I didn’t want to go into this one cold so I hit up Wikipedia for the requisite background info on the Nickelodeon franchise called The Wild Thornberrys. It seems that they’re a family of nature videographers who make the rounds in the African wilderness. Somewhere along the line, the cartoon was deemed successful enough to warrant a feature-length film on the subject matter. Based on my reading of the Wikipedia synopsis, The Wild Thornberrys Movie video game works to follow the plot of the movie more or less faithfully.
I thought that this was just going to be a series of disconnected minigames. In fact, there are 3 distinct types of activities present: minigames (7), multiplayer games (3), and the main story game. The minigames include a jigsaw puzzle, a painting activity, and a sliding tile puzzle (nooooooooo!). There is the enjoyable and eye-pleasing Swimming with the Dolphins minigame seen above, where you compete against the computer-controlled dolphins to dodge sharks and collect starfish. But there is also the baffling strategy card game called Feed The Animals:
The goal of Feeding the Animals is to feed said animals before the poachers do. I’m not sure if I see the logic in that. But I understand that the poachers are supposed to be the antagonists in this tale. I came to my own conclusion, however, that any animal dumb enough to be snared by these tactless poachers probably deserves to be turned into a trinket. You know, Darwinism and all (in fact, a supporting primate character is named Darwin). To illustrate what I mean, the first challenge presented to you when playing in story mode is to save the cheetah cubs from the poachers– the poachers who are trying to swoop down using a helicopter in order to swipe the young cats.
But then the main character, Eliza, gets carried away by the helicopter and must be rescued in a separate game. Eventually, Eliza winds up in a private British school along with her monkey and endeavors to escape. This is the section that put an end to my adventures, though I gave it a good shot. The first phase of the school game has Eliza wandering throughout her mostly vacant school dodging the occasional guard and trying to find Darwin the monkey. I actually had to draw a logical map on paper to keep this part straight since everywhere looks pretty similar; mercifully, the developers threw in numbers on the hallways and doors. The guards in this stage are beyond stupid– they pace back and forth in a straight line and only “catch” you if you happen to be standing directly in their line of pacing. Then you get sent back to the start of the level.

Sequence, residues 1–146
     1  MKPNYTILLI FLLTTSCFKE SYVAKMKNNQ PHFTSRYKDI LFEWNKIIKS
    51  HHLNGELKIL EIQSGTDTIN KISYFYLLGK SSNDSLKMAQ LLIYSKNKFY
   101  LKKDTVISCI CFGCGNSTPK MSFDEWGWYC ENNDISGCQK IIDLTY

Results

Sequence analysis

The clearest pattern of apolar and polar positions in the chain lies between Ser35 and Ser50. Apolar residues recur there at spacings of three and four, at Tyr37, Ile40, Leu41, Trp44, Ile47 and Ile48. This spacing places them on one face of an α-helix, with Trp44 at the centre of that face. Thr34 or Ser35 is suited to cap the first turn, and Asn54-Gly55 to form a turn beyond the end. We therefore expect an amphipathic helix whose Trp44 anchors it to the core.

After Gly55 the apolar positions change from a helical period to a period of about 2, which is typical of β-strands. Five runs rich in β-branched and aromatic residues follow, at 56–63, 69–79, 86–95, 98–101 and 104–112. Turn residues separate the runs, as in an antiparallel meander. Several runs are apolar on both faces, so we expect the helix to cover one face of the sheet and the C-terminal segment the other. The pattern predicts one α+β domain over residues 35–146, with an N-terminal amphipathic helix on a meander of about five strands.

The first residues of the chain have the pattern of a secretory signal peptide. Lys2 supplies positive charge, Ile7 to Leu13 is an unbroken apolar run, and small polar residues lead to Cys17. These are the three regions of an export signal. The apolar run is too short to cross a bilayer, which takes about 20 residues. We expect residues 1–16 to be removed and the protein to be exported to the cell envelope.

Things get tougher when you find the monkey and try to escape via the garden maze where the guards are a tad more diligent. This part is segmented into several areas that must be unlocked with gate keys. The most humorous aspect is that the guards exercise strict jurisdiction over their segment and will not cross outside of their boundaries. I eventually developed some strategies, like trying to get all the guards to follow me in a strict procession as I searched for the area key, which changes position each time. The aptly-named Darwin monkey would get stuck sometimes but not to worry– he couldn’t be captured and would eventually catch up.
I couldn’t get past the segment where I had to hop on a bicycle and hightail it out. It’s not easy to pilot the bike and I never got much opportunity to practice before getting caught and sent back to the start of the stage.
Through it all, I have to give this 2002 title proper credit– it’s very well engineered, very colorful, very well-animated, and reasonably fun. In fact, I may even revisit it someday to play through to the end, since I didn’t even get through half the levels of the story mode.